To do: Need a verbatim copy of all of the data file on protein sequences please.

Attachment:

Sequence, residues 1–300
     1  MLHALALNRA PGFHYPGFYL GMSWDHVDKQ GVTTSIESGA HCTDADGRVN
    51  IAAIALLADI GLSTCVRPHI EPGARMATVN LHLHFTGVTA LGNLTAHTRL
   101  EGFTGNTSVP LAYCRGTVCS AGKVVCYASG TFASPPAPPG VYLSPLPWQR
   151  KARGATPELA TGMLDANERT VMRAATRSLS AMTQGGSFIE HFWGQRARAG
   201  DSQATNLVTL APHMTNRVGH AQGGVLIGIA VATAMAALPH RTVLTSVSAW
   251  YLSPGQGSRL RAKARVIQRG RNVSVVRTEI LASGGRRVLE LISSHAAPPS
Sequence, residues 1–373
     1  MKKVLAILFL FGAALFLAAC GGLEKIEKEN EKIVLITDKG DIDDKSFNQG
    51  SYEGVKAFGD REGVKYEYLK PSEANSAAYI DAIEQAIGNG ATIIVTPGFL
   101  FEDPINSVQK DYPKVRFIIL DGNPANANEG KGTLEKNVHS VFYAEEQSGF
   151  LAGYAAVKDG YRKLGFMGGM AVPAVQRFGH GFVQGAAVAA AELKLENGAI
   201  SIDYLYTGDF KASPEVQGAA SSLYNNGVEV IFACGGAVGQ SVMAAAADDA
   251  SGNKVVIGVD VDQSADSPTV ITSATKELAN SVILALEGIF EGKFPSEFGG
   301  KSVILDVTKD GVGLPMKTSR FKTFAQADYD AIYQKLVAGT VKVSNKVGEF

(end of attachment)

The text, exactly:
Sequence, residues 1–300
     1  MLHALALNRA PGFHYPGFYL GMSWDHVDKQ GVTTSIESGA HCTDADGRVN
    51  IAAIALLADI GLSTCVRPHI EPGARMATVN LHLHFTGVTA LGNLTAHTRL
   101  EGFTGNTSVP LAYCRGTVCS AGKVVCYASG TFASPPAPPG VYLSPLPWQR
   151  KARGATPELA TGMLDANERT VMRAATRSLS AMTQGGSFIE HFWGQRARAG
   201  DSQATNLVTL APHMTNRVGH AQGGVLIGIA VATAMAALPH RTVLTSVSAW
   251  YLSPGQGSRL RAKARVIQRG RNVSVVRTEI LASGGRRVLE LISSHAAPPS
Sequence, residues 1–373
     1  MKKVLAILFL FGAALFLAAC GGLEKIEKEN EKIVLITDKG DIDDKSFNQG
    51  SYEGVKAFGD REGVKYEYLK PSEANSAAYI DAIEQAIGNG ATIIVTPGFL
   101  FEDPINSVQK DYPKVRFIIL DGNPANANEG KGTLEKNVHS VFYAEEQSGF
   151  LAGYAAVKDG YRKLGFMGGM AVPAVQRFGH GFVQGAAVAA AELKLENGAI
   201  SIDYLYTGDF KASPEVQGAA SSLYNNGVEV IFACGGAVGQ SVMAAAADDA
   251  SGNKVVIGVD VDQSADSPTV ITSATKELAN SVILALEGIF EGKFPSEFGG
   301  KSVILDVTKD GVGLPMKTSR FKTFAQADYD AIYQKLVAGT VKVSNKVGEF